There were extreme life-and-death situations, as well. In one instance, a young girl who had come to Dastak seeking shelter from her violent husband, and after surviving an attempt at honour killing by her own parents, was shot dead in front of Jilani’s eyes – not just for divorcing her husband but for being audacious enough to seek help from a women’s rights organisation.
“The bulk of my work has been about taking forward the concept of equality and non-discrimination for women, and making not just society but also the judiciary sensitive to what real equality means,” Jilani says, referencing a case when she was trying to explain to a judge that women in shelters should not have to take permission from others to step out.
“The senior judge said to me, ‘But these women can’t go here, there and everywhere.’ And I said, ‘But, sir, they can. They are allowed to go here, there and everywhere.’ You can’t put restrictions on women’s liberties in the name of protection,” says Jilani. “The state has to give women protection without taking away their fundamental rights, like their right to liberty,” she adds.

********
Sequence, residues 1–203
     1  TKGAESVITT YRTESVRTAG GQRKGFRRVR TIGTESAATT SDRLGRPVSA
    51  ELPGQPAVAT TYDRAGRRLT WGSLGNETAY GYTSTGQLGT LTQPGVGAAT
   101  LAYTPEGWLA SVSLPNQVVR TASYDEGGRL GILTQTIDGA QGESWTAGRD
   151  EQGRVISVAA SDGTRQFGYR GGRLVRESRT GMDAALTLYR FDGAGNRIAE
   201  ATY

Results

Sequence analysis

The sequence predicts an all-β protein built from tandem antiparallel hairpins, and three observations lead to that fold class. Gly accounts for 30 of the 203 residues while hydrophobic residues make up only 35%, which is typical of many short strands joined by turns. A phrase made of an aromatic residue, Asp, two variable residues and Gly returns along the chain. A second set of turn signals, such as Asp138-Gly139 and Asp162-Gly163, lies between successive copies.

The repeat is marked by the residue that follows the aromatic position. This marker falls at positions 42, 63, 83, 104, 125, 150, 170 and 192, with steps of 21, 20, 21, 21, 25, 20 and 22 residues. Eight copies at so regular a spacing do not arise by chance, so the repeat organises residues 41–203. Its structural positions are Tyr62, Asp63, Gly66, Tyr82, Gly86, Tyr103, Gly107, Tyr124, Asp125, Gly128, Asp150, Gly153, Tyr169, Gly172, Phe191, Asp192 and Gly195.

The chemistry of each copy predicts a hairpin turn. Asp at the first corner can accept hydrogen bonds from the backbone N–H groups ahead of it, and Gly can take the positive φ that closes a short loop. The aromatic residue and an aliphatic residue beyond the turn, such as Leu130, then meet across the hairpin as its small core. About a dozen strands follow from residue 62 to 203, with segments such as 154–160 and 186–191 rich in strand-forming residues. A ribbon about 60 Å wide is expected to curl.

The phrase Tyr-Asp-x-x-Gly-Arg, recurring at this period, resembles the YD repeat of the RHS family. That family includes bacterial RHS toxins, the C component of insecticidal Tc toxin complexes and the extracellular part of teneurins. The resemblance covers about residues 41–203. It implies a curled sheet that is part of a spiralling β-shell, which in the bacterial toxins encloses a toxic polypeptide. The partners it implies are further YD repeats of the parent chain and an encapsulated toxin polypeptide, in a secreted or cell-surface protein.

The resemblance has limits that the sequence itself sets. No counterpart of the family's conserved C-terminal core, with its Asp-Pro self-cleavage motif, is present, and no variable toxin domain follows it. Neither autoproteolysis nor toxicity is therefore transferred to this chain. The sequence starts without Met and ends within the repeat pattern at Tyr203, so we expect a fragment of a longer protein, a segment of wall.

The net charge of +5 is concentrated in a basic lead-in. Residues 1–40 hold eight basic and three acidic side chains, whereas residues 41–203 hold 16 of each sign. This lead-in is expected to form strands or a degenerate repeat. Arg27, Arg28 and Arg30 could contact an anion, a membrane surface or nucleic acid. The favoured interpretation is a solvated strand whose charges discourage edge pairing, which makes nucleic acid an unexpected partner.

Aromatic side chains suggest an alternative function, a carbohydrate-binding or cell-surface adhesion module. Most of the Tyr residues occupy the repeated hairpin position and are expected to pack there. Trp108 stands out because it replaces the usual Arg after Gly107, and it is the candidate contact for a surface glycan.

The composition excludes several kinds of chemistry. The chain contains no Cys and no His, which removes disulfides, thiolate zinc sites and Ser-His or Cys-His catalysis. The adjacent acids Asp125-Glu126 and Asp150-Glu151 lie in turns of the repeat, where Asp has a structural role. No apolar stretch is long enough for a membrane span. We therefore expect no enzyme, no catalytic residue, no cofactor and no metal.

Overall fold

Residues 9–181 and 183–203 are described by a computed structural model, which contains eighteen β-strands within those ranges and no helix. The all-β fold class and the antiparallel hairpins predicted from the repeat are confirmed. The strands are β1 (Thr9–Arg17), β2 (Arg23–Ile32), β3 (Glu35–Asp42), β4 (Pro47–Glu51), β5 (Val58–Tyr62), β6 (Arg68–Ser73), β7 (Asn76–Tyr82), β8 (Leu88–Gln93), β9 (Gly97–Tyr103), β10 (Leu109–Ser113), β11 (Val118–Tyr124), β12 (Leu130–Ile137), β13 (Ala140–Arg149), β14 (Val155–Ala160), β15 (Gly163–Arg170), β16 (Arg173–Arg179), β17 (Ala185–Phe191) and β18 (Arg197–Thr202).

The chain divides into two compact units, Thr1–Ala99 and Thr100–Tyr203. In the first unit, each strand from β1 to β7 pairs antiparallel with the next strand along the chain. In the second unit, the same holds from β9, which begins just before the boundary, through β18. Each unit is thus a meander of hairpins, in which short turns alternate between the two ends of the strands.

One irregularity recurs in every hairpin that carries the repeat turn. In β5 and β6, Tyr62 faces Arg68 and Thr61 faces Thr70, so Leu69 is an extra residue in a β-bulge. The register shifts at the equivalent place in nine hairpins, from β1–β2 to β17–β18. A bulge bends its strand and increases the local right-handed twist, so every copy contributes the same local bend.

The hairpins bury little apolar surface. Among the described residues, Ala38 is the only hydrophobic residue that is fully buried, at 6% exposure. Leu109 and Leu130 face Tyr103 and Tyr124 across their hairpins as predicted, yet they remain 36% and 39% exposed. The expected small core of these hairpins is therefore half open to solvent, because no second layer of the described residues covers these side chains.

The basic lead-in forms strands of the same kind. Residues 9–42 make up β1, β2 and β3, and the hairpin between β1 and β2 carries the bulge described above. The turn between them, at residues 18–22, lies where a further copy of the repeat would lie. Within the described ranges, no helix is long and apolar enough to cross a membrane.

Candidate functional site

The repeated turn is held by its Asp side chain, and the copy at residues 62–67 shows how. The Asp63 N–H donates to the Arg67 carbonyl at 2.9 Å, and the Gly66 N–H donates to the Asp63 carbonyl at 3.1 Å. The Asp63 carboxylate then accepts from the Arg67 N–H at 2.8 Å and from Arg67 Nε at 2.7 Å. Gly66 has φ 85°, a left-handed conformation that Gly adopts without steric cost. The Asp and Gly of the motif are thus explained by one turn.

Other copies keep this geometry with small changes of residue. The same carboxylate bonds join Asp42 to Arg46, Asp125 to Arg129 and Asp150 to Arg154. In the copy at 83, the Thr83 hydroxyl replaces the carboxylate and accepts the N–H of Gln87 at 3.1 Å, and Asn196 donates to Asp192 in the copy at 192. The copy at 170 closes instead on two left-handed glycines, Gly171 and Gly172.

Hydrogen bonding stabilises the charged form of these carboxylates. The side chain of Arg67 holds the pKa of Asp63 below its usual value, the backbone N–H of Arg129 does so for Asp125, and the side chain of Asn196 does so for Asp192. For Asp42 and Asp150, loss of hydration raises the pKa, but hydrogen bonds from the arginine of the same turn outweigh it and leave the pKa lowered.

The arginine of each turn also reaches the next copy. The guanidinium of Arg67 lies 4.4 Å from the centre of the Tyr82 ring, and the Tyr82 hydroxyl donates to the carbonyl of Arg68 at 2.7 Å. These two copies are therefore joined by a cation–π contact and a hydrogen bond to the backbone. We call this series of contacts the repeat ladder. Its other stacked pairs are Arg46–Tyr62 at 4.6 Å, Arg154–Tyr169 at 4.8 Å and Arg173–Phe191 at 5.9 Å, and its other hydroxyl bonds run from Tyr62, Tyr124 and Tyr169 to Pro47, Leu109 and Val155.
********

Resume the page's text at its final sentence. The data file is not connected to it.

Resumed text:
Her fight for women’s rights in Pakistan has given Jilani much opportunity in the past for cross-border collaboration and peace forays into other parts of South Asia, and she believes the younger generation of activists must make an effort to develop networks as well.
“Civil-society endeavours have fragmented over the years due to the lack of access to each other as a result of restrictive visa policies. One of the silver linings of Covid was that we started using Zoom to talk to each other. I just hope at some point Zoom doesn’t require visas,” she says with a half-smile on a Zoom call from Lahore.